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Let me start by thanking James Manning, our Investment Commission staff Director of Technology, for his work with SC ETV to enable us to be fully transparent in this Commission meeting. It was interesting for me to observe the
entrepreneurial negotiations between 2 state agencies to deliver this much needed service. Many of you may not realize that James Manning also serves on the Richland 2 School District Board. Thanks James for your work here and your civic
involvement and commitment to make South Carolina a better place. I also wish to recognize the nearly 150,000 retirees for their involvement in the operation and accountability of the Investment Commission. We all work for their benefit and the benefit of the additional 223,000 working members of the Retirement System. The Trust Fund is their money—all of them. I trust that we all will keep this in mind today and every day. Let me now give you my observations and expectations of the Investment Commission and my task ahead.
Many of you may know that I come to this position with what I consider a very deep background in this issue. I authored or co-authored every piece of legislation dealing with the Investment Commission going back to its creation in 2005. I authored or coauthored the recent major legislation concerning the Retirement Systems including the creation of the Public Employee Benefits Authority which is the trustee of the Fund that the Investment Commission invests. I had, and I have, a passion for this subject which for too long was a can kicked down the road. I have an intimate knowledge of the issues surrounding the SC Retirement System and the
Investment Commission and of the sentiments of decision makers in SC relative to those entities. One of those sentiments that I am compelled to point out is Section 9-1-1310 (A) of the South Carolina Code that provides that, “The Retirement System Investment Commission shall invest and reinvest the funds of the retirement system….” The General Assembly created the Commission as a whole to be the sole investment authority. No provision or authority exists for any lone public official to veto or amend an investment decision of the Commission. The General Assembly also provided that the Commissioners, with one exception, be qualified
individuals, that is that they have some sort of work experience or education that would inform them of just what is going on here. The point of that was to take the politics out of the investment of the participants in the plan, both employees and retirees. The one individual that may serve without those qualifications, of course, is the Treasurer of the State of South Carolina. It is the case that the holder of that office may appoint someone with those qualifications, just like the other members of the Budget and Control Board, but that is not mandatory. Now, my understanding is that there may be some confusion as to why the General Assembly decided to leave the possibility open for that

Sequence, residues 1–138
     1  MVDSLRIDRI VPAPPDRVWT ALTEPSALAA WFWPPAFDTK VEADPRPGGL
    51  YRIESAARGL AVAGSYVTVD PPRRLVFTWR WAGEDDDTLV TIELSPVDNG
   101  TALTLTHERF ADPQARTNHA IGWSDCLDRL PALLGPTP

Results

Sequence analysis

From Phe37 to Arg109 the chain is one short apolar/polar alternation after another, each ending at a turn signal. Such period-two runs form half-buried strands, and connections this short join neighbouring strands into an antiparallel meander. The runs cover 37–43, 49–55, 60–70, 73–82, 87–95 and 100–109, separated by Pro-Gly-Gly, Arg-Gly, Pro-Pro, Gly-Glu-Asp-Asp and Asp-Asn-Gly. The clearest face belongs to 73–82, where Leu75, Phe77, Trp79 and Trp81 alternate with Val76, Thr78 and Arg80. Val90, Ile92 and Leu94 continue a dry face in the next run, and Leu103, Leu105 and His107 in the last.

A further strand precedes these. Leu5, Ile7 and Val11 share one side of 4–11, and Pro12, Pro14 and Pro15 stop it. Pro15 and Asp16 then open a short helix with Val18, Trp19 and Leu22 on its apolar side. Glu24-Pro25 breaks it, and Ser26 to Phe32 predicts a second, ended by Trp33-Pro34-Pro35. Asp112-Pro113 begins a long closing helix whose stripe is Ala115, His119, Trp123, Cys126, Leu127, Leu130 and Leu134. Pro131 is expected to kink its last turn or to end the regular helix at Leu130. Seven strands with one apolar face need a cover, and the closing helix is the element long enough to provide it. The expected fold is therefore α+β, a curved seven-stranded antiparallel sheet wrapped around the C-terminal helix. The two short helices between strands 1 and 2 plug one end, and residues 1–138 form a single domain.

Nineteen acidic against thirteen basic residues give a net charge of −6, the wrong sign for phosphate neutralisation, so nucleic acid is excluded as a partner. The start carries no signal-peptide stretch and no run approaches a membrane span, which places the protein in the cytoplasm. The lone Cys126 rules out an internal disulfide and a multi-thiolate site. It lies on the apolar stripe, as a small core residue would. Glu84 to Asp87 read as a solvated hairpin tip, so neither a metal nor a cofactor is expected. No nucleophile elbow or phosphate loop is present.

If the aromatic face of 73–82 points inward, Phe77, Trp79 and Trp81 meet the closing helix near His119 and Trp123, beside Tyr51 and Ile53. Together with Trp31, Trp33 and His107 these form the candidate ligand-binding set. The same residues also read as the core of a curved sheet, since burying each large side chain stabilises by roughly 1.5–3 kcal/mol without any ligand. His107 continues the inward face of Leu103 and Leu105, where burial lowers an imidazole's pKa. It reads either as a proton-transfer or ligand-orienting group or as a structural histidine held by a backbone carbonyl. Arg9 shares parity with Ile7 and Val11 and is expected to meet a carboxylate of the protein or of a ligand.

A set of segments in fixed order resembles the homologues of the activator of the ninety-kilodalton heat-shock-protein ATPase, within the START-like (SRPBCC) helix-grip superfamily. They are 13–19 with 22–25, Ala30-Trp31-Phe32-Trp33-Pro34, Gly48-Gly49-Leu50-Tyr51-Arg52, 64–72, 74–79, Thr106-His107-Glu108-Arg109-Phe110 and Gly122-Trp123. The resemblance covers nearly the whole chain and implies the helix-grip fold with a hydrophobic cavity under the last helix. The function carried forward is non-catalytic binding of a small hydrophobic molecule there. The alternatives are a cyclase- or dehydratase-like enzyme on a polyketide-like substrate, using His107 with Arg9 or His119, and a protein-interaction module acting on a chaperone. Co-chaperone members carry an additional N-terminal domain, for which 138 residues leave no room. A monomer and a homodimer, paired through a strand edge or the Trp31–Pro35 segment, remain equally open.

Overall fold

seat to be held by a person without the otherwise necessary qualifications. The reason was, very simply, that the General Assembly at the time held thenTreasurer Grady Patterson in the highest regard. Mr. Patterson had been the State Treasurer since 1966 with only one four-year hiatus, and Mr. Patterson, as State Treasurer, had been the manager of the investments of the Trust Fund for all of those years. He was a gentleman of serious and calm demeanor, and he had proven himself over several decades of service as honest and trustworthy. Mr. Patterson, as you all know, was a Democrat, but he was very, very highly respected by all members of the General Assembly. He was a decorated
war hero—AND HE WAS QUALIFIED! For those reasons, I had no qualms about Mr. Patterson serving on the Commission. The General Assembly simply failed to anticipate in the statute the day when Mr. Patterson would be gone. The General Assembly nonetheless, as noted in Section 9-1-1310 (A) of the South Carolina Code, was clear about the fact that each individual, regardless of whether or not they hold one of the qualifications, simply serves as a voting member of the Commission, nothing more and nothing less. Each individual is one of six votes, period. An assertion to the contrary contradicts the law.
I tell you this as a person who was there when it was written and when it was voted into law almost unanimously by both Republicans and Democrats. I know what the law says and why it says it, and I will operate the Investment Commission accordingly. Those who want to operate differently will do so only following a decision by a court. I am pleased to have finished nearly six weeks as Chief Operating Officer at the Investment Commission. I also am pleased to report that the atmosphere in our office has been calm and steady. Our staff is working hard and functioning like I think you would envision any other investment office of our size.